A lot of our stress comes from us being engaged in striving for perfection. Even by definition it’s an impossible problem. Who defines perfection?
Playing an instrument. Dancing, painting. Cooking. Parenting. A religion; yoga; even the Japanese tea ceremony. These are all activities that are best done with an active, creative, present focus. If there’s a precise ‘way’ to do anything, then that’s just another form of expectation.
Even in Buddhist tea ceremony, the precise actions shouldn’t create the headspace, the headspace and the precise actions should become one. Yes, one is designed like a meditation to lead to the other, but in practice they are not one in the same. That’s missing the point. When a wise person points to the moon, we’re not supposed to look at their finger.
Every one of us; let’s all forget our ideas for how we’re supposed to be. Let us just be who we are instead. It’s easier. Surrendering into ourselves is like performing a spiritually relaxing exhale of ego.
Maybe we’re experienced and have a slow steady flow to life, maybe we’re new and are lost but wild with enthusiasm. Neither person is right or failing or doing it ‘the right way.’ We’re all just individuals climbing around on the terrain of life.
Everyone is already living their lives perfectly, we just keep telling ourselves otherwise because we each imagined a different story. But do you see? That is a part of our story too –that we tell ourselves stories that aren’t true.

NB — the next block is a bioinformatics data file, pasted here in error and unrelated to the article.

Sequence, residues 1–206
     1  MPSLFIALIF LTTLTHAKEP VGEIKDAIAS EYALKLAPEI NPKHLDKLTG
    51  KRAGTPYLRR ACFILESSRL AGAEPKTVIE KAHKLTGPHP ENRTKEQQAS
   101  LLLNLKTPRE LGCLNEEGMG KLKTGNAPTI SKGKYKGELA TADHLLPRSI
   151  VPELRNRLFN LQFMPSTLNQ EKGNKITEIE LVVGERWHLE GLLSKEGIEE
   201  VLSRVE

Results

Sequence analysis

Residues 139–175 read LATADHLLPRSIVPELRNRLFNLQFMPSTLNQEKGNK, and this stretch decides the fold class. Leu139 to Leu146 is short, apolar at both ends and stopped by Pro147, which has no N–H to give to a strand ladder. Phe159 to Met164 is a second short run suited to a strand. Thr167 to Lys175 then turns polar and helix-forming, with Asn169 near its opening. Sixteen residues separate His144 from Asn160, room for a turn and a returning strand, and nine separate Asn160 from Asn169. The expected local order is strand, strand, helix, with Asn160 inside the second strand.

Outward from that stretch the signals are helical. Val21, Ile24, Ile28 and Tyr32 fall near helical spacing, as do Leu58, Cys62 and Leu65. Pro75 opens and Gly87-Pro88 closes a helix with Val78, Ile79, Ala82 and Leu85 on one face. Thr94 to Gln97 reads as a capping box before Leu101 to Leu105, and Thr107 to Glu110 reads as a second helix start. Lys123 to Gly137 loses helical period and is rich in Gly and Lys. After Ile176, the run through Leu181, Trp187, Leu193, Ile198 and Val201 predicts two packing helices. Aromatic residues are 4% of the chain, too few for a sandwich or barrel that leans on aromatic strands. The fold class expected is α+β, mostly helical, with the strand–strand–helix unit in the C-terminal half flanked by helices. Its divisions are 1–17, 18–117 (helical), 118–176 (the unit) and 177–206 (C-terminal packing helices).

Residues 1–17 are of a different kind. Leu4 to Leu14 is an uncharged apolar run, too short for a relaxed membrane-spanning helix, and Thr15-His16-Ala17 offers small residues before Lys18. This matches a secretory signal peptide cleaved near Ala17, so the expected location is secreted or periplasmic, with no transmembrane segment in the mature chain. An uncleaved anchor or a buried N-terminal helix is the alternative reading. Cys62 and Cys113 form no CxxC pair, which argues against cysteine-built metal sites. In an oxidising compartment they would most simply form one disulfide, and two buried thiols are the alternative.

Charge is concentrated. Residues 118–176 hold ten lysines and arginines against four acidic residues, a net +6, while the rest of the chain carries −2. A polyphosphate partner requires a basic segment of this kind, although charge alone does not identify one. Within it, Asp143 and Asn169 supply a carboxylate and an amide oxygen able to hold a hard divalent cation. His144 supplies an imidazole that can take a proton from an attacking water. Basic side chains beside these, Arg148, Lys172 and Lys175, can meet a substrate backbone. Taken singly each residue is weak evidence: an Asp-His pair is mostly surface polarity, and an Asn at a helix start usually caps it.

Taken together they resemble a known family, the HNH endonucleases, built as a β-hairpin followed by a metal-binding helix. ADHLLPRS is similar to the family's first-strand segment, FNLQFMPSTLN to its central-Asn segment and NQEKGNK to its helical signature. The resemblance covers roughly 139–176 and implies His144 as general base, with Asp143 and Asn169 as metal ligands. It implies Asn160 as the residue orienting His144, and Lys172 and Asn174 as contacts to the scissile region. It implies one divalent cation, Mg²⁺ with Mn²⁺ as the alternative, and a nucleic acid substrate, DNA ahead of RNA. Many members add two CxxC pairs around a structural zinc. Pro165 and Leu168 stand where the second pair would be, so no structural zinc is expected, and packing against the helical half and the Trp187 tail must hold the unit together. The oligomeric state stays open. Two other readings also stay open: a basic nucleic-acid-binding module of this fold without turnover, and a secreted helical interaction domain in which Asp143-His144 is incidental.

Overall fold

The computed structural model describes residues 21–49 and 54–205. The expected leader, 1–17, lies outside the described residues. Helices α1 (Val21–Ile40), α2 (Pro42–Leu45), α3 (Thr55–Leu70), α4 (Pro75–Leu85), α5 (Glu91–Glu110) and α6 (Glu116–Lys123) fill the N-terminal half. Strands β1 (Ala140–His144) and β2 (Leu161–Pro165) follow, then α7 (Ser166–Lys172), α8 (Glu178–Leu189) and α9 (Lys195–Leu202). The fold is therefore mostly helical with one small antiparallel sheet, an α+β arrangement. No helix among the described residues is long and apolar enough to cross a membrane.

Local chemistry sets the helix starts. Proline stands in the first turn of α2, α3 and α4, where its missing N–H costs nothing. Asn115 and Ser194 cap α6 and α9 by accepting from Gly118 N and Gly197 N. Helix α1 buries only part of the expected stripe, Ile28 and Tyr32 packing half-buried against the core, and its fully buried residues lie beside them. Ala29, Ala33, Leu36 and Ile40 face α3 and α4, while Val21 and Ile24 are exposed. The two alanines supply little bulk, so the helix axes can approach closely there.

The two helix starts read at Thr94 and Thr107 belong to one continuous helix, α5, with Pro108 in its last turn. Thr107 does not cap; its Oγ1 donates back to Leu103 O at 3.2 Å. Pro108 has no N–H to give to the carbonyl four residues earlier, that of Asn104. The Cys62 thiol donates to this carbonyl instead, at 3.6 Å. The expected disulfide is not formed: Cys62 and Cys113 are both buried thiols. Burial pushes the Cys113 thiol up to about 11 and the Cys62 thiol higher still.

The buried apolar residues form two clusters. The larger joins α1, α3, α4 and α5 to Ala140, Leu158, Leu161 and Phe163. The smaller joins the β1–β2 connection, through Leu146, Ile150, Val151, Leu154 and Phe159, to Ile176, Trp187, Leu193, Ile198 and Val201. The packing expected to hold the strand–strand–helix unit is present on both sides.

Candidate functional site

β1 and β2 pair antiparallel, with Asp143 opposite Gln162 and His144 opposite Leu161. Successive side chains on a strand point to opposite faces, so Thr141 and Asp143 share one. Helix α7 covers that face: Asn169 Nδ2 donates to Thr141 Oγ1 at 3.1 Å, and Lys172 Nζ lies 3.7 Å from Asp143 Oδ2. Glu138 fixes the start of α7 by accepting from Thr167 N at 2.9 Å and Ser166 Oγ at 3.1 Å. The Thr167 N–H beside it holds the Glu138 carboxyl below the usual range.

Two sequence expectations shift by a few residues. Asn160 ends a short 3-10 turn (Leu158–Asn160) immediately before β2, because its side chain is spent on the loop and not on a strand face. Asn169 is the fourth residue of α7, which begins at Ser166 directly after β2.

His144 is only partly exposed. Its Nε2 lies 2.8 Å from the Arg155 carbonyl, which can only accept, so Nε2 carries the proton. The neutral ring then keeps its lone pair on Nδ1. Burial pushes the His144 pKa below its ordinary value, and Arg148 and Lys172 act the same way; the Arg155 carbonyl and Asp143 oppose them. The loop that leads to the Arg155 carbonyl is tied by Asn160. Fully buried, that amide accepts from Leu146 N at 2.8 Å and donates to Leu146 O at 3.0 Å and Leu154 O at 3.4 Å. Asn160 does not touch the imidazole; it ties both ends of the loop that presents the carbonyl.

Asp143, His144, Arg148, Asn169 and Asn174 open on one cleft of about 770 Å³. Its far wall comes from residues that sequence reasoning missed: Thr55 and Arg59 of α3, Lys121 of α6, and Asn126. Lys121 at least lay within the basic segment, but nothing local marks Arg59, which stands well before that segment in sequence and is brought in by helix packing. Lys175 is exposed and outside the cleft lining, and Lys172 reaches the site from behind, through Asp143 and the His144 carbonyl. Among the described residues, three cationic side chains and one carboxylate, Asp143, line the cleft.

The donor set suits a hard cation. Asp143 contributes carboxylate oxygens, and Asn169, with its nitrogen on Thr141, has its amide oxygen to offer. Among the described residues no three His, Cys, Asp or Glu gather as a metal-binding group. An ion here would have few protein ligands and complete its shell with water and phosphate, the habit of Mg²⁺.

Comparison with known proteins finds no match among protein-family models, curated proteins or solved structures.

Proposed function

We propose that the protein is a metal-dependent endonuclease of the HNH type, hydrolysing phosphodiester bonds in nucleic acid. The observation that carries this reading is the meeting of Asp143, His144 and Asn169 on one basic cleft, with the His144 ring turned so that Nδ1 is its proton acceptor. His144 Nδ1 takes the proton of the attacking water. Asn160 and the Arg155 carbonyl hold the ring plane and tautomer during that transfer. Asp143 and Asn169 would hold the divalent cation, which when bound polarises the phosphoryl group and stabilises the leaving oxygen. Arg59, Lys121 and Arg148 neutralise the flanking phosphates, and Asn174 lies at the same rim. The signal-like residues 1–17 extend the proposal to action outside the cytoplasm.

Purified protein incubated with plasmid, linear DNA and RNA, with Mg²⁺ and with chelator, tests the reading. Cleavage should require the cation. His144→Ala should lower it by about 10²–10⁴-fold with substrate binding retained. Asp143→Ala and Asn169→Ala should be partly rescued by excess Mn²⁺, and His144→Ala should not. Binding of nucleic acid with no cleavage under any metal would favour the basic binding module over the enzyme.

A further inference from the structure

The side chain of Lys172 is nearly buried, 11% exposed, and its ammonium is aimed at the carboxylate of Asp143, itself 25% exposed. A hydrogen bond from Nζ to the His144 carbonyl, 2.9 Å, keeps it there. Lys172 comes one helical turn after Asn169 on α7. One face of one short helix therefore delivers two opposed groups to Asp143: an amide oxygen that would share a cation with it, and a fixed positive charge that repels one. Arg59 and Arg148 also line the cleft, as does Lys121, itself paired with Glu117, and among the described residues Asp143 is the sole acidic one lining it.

We don’t need to fix anything, we don’t need to improve or be perfect. We just need to realize that the way we already are is totally fine if we maintain a healthy headspace of knowing who we are, and by avoiding the act of telling ourselves that we should be someone different. If we’re not self-talking we can remain fully present for action.
It is unhealthy to be so rigidly focused on rituals, rules and history that we fail to notice our opportunities to make our lives and the world around us into a better place for all. Doing anything really well is not defined by how we do the thing itself, it’s defined by how conscious we are when we do whatever we do.
Without consciousness, we are left to be crippled by our own insecurities. This unnatural over-thinking state leads us to feel discomfort, as the universe naturally urges us to go quiet and come alive.
The universe sees no value having any aspect of itself spin in on any other aspect of itself. That is spiritually unproductive. Self-absorbed self-criticism is unproductive and worse, it can lead us to deny the universe the value of our creative and social contributions to it.
We must get our thoughts out of our way in order to enact our lives. Why not start right now?
Following a serious childhood brain injury Scott McPherson unwittingly spent his entire life meditating on the concepts of thought, consciousness, reality and the self. This made him as strange to others as they were to him. Seeing the self-harm people created with their own overthinking, Scott dedicated part of his life to helping others live with greater awareness. He is currently a writer, speaker and mindfulness instructor based in Edmonton, AB, where he finds it strange to write about himself in the third person.